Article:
Science is catching up to the Buddha

Does happiness require a rebellion against evolution?


1. Science is confirming key Buddhist ideas. So reveals Robert Wright’s very enlightening book, Why Buddhism Is True.

2. Wright means “true” because evolutionary logic and brain science now fit Buddhism’s ancient naturalistic (non-reincarnation-y) aspects. Consider some of Wright’s mind-stopping sentences and essentially delusion-illuminating ideas.

3. Evolution “doesn’t care about our… happiness.” It wants us anxiously striving, thus life brings suffering (=Buddhism’s dukkha = unsatisfactoriness”). So feeling happy requires “rebellion” against evolution’s values.

4. Evolution’s sole goal (=“purpose”) is gene spreading. So life feels strongly about and “values” the needs of its gene “vehicles” ( = bodies).

5. Feelings arose to enact evolution's vehicle-centered values (=personalized go-forth-and-multiply mission). And all feelings are elaborations of basic evolutionary good-or-bad approach-or-avoid judgments.

6. “Judging is what we’re designed to do.” Our heads are full of feeling-generating “modules,” constantly running backstage (System 1) that judge (assign affective adjectives to) things in our environment.

7. “There’s no such thing as an immaculate perception” or conception (the cognitive, not sexual kind). All come bundled with feelings (feelings = biochemical judgments + attached stories, see “Darwin’s Hindoo”).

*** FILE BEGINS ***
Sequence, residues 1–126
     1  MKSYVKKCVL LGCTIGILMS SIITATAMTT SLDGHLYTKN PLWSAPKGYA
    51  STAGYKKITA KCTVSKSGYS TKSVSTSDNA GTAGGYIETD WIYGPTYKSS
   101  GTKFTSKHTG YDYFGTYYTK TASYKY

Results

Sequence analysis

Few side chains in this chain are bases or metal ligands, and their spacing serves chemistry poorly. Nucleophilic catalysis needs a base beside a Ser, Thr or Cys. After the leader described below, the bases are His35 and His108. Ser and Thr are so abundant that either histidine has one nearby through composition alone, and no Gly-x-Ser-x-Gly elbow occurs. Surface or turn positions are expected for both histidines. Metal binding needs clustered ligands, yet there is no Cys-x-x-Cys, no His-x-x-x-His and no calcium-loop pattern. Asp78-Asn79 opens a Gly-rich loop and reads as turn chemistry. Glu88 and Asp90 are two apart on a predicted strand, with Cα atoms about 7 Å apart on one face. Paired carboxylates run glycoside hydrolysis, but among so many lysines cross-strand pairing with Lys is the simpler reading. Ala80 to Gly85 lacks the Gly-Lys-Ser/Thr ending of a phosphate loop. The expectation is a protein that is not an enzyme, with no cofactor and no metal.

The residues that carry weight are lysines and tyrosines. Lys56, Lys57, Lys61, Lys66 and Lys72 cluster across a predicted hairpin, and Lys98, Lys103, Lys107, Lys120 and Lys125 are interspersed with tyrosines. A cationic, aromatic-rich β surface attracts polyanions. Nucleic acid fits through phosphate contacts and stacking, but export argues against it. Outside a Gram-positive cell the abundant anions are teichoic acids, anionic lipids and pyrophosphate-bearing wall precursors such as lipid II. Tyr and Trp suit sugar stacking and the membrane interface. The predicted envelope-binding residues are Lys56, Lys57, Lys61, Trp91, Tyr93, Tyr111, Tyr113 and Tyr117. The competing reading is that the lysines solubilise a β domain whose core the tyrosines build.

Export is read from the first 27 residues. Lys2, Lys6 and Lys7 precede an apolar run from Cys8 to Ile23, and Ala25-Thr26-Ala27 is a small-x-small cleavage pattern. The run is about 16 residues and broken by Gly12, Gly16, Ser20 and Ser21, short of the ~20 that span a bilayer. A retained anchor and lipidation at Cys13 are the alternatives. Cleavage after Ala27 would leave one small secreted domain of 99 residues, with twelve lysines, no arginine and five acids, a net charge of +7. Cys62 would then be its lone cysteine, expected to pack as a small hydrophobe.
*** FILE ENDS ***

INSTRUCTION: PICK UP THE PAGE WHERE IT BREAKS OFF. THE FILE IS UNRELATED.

8. Brain science backs Buddhism’s “not-self” doctrine—“thoughts think themselves”—there’s no “CEO” module. Ordinarily, which feeling-thought-story bundles “bubble up” into awareness depends on the intensity of outputs of competing modules.

9. Buddhism calls these feeling-thought-story bundles “delusions” because they arise from misplaced “essentialism.” Your perceptions about X may seem like essential attributes of X, but they result from “interdependent co-arising.” Like color, they’re co-constructed, “caused” by properties of the object, lighting, our physiology, and even language (color =“secondary quality” in Western philosophy).

10. Science calls essentialism about people the “fundamental attribution error” (blaming dispositional traits over situational factors). But this error varies by culture, Jerome Kagan says Asian psychologists wouldn’t ever dream up the “Big Five” personality traits (e.g., Korean uses act-plus-context as the basic “unit”).

11. Buddhists don’t fight feeling-delusions directly. Rather they “R.A.I.N.” them in—recognize, accept, inspect, and nonidentify (feelings aren’t an essential part of you).

12. Mindfulness meditation trains you in metacognitive skills (thinking about thinking) that weaken unhelpful feelings and empower calmer ones.

13. Buddhist language like "nothing possesses inherent existence" can seem to go too far, since our unobjective “delusions” are often accurate enough.

14. But Buddhism beat Einstein to relativity’s core insight, that there’s no “view from nowhere,” or God’s-eye view (even the truths of physics are relational, perspectival).